Tl;dr: You won’t be slamming sugar-free Rockstars, but you also won’t have to job search.
There are 3 characteristics of software engineering that will never disappear:
1. the estimate/reality disconnect
In the words of a HackerNews user:
There’s a world of difference between knowing that I can solve a problem and being able to realistically estimate the time it will take me to do so. Especially at the beginning, I lost a lot of face by saying I could do things that I couldn’t.
The older the employee, the better their estimating abilities. You will see 100s of projects over a decade of work.
For new projects, you will know the answer to questions like:
- do tools exist to build it?
- are the tools “mature”?
- can our team adopt these tools without bankrupting the company with technical debt?
Your years of experience will make you more confident in your understanding of the “state of the universe.” This is valuable to employers…always.
2. the new abstraction onslaught
People will be shitting out new tools every day. You will constantly feel behind the curve in your first few years as an engineer.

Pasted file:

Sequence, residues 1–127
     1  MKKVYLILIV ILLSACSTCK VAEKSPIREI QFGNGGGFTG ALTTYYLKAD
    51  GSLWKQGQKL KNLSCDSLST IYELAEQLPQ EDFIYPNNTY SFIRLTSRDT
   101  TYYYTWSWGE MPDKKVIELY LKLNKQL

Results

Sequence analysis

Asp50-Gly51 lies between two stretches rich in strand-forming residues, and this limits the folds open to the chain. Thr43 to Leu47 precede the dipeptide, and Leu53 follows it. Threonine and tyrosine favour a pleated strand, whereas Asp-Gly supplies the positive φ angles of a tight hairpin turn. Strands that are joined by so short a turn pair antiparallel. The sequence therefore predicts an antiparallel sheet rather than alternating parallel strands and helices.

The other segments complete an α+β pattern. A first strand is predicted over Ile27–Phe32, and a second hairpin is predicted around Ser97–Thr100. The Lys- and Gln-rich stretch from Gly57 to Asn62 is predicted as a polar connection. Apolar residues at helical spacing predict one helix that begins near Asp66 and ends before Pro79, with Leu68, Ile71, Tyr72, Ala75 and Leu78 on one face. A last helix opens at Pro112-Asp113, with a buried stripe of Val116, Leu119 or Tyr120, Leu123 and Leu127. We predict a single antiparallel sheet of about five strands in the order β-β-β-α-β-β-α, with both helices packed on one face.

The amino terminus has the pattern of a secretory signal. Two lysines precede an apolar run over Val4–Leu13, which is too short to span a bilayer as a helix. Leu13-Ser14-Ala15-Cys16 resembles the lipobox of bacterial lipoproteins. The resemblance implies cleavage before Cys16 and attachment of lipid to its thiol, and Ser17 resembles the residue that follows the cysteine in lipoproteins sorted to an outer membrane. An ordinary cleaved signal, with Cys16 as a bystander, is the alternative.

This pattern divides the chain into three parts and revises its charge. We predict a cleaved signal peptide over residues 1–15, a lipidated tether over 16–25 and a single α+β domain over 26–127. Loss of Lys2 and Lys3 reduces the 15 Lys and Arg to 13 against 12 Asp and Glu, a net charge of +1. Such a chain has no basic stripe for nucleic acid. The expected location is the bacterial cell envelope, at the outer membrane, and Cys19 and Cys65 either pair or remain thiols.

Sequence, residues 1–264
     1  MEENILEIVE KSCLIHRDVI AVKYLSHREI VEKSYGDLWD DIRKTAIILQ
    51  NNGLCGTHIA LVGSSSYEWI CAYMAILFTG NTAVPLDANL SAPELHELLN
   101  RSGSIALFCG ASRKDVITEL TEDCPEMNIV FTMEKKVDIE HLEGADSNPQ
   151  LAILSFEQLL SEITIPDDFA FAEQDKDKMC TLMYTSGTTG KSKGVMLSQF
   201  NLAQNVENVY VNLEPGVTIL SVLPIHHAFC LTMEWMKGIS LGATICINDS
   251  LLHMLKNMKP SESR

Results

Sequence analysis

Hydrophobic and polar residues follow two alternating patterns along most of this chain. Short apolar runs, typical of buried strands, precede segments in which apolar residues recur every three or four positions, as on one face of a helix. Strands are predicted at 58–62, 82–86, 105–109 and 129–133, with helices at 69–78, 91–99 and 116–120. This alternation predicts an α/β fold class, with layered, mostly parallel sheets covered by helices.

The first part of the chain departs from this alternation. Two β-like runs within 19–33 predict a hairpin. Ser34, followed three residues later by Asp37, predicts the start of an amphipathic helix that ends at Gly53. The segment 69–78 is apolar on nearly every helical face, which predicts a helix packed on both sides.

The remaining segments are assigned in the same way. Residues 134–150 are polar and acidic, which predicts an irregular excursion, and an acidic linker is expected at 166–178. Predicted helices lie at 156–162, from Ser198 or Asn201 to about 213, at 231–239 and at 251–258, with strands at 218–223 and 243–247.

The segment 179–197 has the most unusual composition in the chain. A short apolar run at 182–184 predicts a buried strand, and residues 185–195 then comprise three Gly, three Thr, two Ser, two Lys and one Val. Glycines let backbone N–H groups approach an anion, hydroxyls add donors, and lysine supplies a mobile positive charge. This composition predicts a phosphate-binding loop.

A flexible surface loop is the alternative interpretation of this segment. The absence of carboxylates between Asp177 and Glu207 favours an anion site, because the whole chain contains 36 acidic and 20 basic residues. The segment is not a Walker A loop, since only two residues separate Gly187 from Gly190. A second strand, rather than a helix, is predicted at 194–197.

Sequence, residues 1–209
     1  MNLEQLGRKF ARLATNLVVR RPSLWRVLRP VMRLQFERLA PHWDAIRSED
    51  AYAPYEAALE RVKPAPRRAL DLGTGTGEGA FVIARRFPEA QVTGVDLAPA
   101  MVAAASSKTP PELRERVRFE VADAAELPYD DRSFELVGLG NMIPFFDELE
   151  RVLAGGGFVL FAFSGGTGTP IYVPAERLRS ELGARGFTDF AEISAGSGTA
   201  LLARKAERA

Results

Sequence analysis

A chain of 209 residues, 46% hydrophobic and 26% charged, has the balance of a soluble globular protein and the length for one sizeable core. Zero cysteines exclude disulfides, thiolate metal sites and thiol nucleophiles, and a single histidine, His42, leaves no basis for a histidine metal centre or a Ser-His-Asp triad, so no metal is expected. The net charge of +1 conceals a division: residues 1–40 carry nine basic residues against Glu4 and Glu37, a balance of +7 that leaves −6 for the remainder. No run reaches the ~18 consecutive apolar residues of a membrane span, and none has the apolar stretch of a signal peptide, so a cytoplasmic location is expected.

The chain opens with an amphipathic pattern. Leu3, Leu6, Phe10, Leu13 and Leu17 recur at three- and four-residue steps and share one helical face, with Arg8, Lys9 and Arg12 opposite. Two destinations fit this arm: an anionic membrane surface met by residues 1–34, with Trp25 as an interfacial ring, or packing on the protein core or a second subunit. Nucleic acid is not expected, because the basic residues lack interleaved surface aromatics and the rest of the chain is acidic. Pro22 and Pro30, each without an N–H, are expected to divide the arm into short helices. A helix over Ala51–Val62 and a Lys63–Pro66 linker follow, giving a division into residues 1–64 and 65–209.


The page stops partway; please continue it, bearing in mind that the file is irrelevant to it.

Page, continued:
But your job will force you to focus on finishing real projects. Finishing a project requires a toolset or two (and not 23).
You can use each tool you learn as a reference for each new tool that gets pushed across your desk.
Remember, you’re getting paid to learn.
3. software is project-based, not commission-based
You never know when you might be laid off, even if you’re good. This is an age-independent, universal reality.
The older you get the more financially independent you will become.
That means that you can be more picky about what projects you take on and who you agree to working with.
Point is, you can grow old and upwards in software engineering-something that can’t be said of traditional careers like law and medicine.